The difference between a Data Catalogue and a Data Glossary

The difference between a Data Catalogue and a Data Glossary

Data Governance is full of lots of jargon and terminology which can mean different things to different people. It’s all very subjective and this is usually because of the culture within a particular organisation.

The way the various terms are applied within organisations can vary their meaning. And that’s ok – but you should also be wary of it.

 This is something I recently discussed in my ‘What is Data Custodianship?’ blog and even more recently than that I’ve noticed a lot of confusion around what a Data Catalogue is and how this differs from a Data/Business Glossary.

It’s important to make sure you fully understand the meaning of the terminologies within the context of the organisation that you are working with so that there are no crossed wires. Don’t make assumptions about the meanings of particular terms – and if you are ever in doubt, then ask.

However, there are some distinct differences between these two things, and I am going to do my best to clear them up for you.

 What is a Data Catalogue?

A Data Catalogue is considered a core component of modern data management.

Very simply, a data catalogue uses metadata (data that describes or summarises data) to create a searchable inventory of all that organisation’s data assets. So, a Data Catalogue is a detailed inventory of all the data assets in an organisation, which is designed to help the data professionals within that organisation quickly find the data they need for whatever purpose they may need it for. It’s basically a tool to help you find that needle in your data haystack.

Data Catalogues can evolve with an organisation and over time, the metadata within a Data Catalogue can be enriched and updated to support better data discovery and governance within an organisation.

A data catalogue provides context to enable data analysts, data scientists, data stewards, and other business data consumers to find and understand a relevant dataset for the purpose of extracting business value. Data Catalogues can also support such individuals in acting upon it to realise the true value of the available data.

Functions of a Data Catalogue:

  • ‘Dataset Searching’ – supporting searches for keywords, can also allow a user to check how frequently search results are used

  •  ‘Dataset Evaluation’ – allows you to preview datasets to ensure you’re getting the right data you need to analyse (for instance, by previewing the data in question, checking data quality and user ratings, etc) – saves you potentially downloading the wrong data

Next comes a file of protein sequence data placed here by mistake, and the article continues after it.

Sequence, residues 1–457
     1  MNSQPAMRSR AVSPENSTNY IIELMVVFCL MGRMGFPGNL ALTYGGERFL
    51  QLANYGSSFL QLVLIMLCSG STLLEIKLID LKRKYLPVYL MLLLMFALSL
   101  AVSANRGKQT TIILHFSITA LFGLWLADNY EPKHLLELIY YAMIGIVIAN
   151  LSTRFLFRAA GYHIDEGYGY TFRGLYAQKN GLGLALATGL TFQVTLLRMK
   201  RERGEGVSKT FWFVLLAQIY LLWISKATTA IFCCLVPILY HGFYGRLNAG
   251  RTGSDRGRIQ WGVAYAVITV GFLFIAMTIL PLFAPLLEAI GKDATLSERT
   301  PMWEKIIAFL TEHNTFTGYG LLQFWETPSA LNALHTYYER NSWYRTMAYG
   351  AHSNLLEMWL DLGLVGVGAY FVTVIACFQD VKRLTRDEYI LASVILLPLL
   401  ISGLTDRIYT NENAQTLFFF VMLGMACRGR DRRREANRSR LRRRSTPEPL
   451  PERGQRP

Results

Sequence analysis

• ‘Data Access’ – Data catalogue can aid the process of search to access

 What is a Data or Business Glossary?

A Data Glossary is an exhaustive list of all terms used across the company with definitions. It comes back to what I said at the start… organisations use lots of jargon and terminology which can mean different things to different people.

A Data Glossary defines the terminology which organisations use when discussing their processes and their data. It is purpose is to define the business/data terms within the organisation.

The Data Glossary is designed to keep everyone on the same page and using a common vernacular to ensure clarity and consistency between departments. Think of it as a dictionary for a particular organisation (but not a data dictionary – that is another thing entirely – you can read more about what that is and how it differs from a data glossary here.

The Difference

A Data Glossary does not define the data like a Data Catalogue does. The data glossary defines the terms we use when discussing the data and who owns that data.  A Data Catalogue contain more technical metadata to help you find and locate your data.

A Data Glossary and a Data Catalogue are two different things (which can be linked to provide extra value), although both have their place and can be very useful to organisations when implementing data governance.

Don’t forget if you have any questions you’d like covered in future videos or blogs please leave a comment below.

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